The aircraft arresting system is designed to safely bring aircraft to a stop in the event of an emergency
Filmed at Buckley Air Force Base in 2013, the interesting video in this post shows a U.S. Air Force F-16 Fighting Falcon fighter jet conducting an aircraft arresting system test to certify that the equipment is working properly.
Noteworthy the aircraft arresting system is designed to safely bring aircraft to a stop in the event of an emergency. It is used with the aircraft arresting hook to “catch” the jet.
When an in-motion aircraft develops an emergency, the aircrew has to decide if they need to use the arresting system. If needed, the pilot deploys the aircraft’s hook, and lands the plane at least 1,000 feet from the arresting system.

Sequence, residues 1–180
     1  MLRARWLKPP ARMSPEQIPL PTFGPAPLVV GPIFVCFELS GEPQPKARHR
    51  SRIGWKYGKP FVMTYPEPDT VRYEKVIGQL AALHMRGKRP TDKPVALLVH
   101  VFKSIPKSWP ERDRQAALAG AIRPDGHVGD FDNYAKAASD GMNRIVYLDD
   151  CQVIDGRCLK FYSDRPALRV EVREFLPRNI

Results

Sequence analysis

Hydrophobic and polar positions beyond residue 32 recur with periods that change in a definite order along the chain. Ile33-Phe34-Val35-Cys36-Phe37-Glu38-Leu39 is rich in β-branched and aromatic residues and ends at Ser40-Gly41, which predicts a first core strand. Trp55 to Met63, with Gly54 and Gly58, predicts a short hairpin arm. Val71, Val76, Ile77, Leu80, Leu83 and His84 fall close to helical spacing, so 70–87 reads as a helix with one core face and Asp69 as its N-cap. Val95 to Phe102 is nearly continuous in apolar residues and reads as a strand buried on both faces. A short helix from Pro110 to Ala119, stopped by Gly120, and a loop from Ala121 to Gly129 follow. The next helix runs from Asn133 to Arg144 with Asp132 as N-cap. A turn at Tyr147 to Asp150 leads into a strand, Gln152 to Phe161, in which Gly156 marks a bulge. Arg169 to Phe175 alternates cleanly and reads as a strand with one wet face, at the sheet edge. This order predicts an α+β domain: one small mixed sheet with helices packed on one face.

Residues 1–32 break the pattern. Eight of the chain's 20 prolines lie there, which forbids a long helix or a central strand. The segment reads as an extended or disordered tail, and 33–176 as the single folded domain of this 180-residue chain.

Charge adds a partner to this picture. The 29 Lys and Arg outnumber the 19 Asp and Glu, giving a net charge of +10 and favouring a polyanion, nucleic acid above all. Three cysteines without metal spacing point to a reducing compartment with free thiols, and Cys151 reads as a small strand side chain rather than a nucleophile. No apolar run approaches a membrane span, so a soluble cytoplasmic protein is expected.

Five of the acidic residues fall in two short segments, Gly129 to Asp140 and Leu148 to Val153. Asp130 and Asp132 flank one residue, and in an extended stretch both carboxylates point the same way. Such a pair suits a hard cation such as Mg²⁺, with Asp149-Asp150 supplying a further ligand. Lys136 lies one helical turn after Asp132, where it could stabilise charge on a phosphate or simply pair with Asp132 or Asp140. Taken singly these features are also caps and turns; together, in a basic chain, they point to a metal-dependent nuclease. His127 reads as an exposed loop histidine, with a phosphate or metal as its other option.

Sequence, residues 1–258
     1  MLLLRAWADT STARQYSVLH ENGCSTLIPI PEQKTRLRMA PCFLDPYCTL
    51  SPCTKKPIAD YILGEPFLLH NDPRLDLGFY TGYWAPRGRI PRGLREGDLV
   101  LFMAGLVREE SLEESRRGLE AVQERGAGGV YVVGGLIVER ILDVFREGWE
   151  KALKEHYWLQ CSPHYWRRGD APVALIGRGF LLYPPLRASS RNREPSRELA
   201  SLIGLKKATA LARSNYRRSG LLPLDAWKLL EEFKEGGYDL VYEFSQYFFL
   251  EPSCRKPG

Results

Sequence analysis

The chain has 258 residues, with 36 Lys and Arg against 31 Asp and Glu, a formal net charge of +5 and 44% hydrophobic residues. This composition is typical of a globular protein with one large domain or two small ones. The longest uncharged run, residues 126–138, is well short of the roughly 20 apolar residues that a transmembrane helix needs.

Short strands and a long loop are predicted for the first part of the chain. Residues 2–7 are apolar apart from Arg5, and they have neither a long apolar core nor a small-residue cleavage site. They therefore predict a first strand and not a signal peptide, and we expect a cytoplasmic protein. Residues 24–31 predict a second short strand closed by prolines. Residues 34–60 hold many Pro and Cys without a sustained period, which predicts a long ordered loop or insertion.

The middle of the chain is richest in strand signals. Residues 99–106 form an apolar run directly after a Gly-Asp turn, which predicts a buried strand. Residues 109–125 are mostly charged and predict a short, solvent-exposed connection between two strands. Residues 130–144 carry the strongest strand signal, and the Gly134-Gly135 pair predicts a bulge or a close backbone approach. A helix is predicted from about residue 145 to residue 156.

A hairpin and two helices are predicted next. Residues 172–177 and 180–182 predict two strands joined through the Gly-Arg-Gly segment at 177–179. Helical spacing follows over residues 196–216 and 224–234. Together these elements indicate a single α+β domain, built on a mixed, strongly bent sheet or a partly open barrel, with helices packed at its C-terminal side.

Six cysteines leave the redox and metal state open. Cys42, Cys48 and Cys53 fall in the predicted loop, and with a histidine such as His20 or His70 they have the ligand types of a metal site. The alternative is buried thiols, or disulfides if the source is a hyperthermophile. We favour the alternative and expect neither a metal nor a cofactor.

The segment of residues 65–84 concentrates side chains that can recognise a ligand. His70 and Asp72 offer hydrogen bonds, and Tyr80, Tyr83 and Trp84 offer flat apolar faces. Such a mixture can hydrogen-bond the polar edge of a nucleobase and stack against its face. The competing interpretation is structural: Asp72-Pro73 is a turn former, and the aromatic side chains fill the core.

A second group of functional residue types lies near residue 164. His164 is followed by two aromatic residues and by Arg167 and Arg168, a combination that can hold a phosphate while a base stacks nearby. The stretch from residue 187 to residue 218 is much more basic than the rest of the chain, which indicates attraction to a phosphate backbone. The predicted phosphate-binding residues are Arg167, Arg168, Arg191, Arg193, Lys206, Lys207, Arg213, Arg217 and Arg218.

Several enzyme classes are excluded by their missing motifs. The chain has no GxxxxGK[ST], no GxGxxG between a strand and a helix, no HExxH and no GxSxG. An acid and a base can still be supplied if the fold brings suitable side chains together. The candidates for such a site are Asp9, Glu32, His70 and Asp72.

The hook drags on the surface of the runway until it comes in contact with the steel cable. Once the aircraft’s hook captures the cable, the cable rips the nylon cords, holding it flat on the runway, and unravels its attached nylon tapes from storage reels.
As the tapes are unraveled, the reels turn a hydraulic pump that applies pressure to a set of modified brakes which bring the aircraft to a stop.
Instead when a jet is not using the system to stop drives over the cable, that bounces. If the cable is not held down, it may damage the jet: for this reason small pieces of nylon rope are used to hold the cable flat on the runway.